Heroin Withdrawal

Heroin withdrawal can begin as soon as four hours for those who are heavily dependent on the drug. Without another dose of the drug, heroin withdrawal becomes worse. Sometimes referred to as "dope sickness," the anticipation of the coming trauma only adds to the desire to take another dose. This then becomes a repetitious nightmare of fear and anxiety. This phase consists of more than just psychological symptoms, but includes severe physical symptoms. For all of these reasons, an addict withdrawing from heroin should have support and guidance. The best environment for heroin withdrawal is in a drug rehab center. These centers have experience in handling all of the different challenges that may occur when heroin withdrawal is taking place. Many drug treatment centers are staffed with individuals who have formerly been addicted to heroin. Because of this, the individual being treated for heroin addiction can experience genuine empathy and hope from an individual who has truly "walked in their shoes".

When someone uses a drug like heroin a lot, the body builds up a tolerance. This means that the body becomes used to the effects that the drug has on it. As the body becomes used to the drug, it takes higher and higher doses of heroin to get the same effects as before. In some cases, despite the terrible price exacted by the drug in the long run, heroin becomes necessary for the body to function. If an individual has been using heroin for a while, whether as a regular pattern, in binges or if they have become dependent, they may experience heroin withdrawal. Think of getting high on heroin as taking out a loan-you receive an advance on some good feelings while you are high on heroin, but then you are saddled with a debt of those same feelings when you withdraw from the drug. This is called a rebound effect, and is part of your body's way of trying to maintain a natural balance. Once you have paid off the "debt," you can feel good again naturally. If you have become addicted to heroin, you are likely to experience some withdrawal symptoms when you quit, but withdrawal can also happen after heavy heroin use. The initial coming down in heroin withdrawal can vary in time and intensity, and although typically withdrawal symptoms will begin 6 to 12 hours after the last dose, peaking within 1 to 3 days, and gradually subsiding over 5 to 7 days.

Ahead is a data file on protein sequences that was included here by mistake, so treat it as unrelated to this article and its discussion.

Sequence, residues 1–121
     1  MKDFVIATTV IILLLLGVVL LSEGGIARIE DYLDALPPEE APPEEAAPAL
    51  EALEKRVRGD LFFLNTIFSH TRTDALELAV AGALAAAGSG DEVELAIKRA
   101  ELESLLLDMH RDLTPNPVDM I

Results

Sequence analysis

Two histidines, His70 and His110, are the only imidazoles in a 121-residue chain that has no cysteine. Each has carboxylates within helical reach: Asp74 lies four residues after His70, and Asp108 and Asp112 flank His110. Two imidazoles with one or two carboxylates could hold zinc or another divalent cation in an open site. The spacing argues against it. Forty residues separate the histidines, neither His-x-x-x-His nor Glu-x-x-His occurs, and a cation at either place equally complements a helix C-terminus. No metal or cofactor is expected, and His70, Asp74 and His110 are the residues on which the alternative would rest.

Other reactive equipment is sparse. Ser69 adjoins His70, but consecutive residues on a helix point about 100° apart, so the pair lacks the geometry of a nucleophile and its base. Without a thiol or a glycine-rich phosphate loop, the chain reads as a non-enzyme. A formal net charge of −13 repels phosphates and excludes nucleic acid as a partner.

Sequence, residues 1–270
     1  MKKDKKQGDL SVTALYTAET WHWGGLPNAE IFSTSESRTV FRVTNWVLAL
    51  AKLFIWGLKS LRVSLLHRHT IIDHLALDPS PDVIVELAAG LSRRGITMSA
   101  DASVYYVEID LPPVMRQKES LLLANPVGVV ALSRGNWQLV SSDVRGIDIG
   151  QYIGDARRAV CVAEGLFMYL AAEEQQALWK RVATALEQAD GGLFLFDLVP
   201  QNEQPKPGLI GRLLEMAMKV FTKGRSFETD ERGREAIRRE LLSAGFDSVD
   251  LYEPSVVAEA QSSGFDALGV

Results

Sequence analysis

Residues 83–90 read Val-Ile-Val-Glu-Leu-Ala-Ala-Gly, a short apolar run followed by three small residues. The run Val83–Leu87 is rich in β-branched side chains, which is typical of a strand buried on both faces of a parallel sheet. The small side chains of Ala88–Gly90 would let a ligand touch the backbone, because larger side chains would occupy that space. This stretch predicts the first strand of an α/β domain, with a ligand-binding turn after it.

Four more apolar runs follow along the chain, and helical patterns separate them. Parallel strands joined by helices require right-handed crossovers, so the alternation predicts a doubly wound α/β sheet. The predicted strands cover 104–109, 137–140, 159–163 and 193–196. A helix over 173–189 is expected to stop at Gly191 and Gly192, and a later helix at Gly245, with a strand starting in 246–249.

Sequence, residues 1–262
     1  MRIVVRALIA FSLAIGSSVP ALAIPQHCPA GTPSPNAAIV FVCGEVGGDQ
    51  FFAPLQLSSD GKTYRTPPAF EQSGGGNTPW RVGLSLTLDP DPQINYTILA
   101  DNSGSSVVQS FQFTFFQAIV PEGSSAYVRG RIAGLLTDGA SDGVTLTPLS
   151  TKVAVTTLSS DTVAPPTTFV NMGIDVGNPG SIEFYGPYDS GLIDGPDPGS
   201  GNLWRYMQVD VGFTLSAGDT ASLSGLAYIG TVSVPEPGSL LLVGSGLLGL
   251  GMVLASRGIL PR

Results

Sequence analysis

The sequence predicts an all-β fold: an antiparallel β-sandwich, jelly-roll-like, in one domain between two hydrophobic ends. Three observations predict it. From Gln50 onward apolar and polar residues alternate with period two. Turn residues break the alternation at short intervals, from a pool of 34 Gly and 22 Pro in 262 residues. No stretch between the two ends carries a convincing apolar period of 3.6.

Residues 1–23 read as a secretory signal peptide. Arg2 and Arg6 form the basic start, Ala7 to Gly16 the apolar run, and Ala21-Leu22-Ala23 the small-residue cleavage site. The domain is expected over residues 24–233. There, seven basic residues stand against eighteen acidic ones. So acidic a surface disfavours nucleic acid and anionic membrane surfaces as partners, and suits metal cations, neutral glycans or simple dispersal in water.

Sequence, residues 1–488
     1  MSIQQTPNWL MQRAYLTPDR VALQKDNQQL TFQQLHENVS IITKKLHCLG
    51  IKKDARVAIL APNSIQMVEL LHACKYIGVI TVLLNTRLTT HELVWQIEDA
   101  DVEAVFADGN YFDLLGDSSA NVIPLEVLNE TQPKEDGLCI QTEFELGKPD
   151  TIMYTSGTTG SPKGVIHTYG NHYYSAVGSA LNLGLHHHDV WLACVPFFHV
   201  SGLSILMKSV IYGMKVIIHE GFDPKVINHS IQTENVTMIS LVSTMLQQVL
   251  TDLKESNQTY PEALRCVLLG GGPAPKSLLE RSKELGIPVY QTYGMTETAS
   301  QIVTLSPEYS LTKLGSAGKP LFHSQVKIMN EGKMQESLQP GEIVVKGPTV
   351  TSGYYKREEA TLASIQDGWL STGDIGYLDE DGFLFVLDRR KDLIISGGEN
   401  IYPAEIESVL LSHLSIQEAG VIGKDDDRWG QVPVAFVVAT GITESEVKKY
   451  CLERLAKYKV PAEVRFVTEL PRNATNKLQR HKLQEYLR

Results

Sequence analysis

Everyone's experience of heroin withdrawal is different, but there are certain common features. Most people who are withdrawing from heroin experience a strong desire to take more heroin. This is known as experiencing cravings. Cravings are common among people withdrawing from many addictive substances including heroin. Part of the craving is driven by the wish to reduce the symptoms of heroin withdrawal, and part of it is the desire to re-experience the pleasure of the heroin high. Both of these cravings from heroin withdrawal are so strong, that experts in the field of addiction highly recommend that heroin withdrawal take place in the context of a long term residential drug treatment program. Feeling depressed, anxious or irritable, is a normal part of heroin withdrawal, and is the debt one must pay for the euphoria you experienced during the heroin high. Although these feelings are often intense during heroin withdrawal, they tend to pass once the withdrawal stage is over. Part of the way heroin works is to block the body's pain pathways. When you withdraw from heroin, there is rebound effect, and you feel achy, particularly in the back and legs, and feel more sensitive to pain.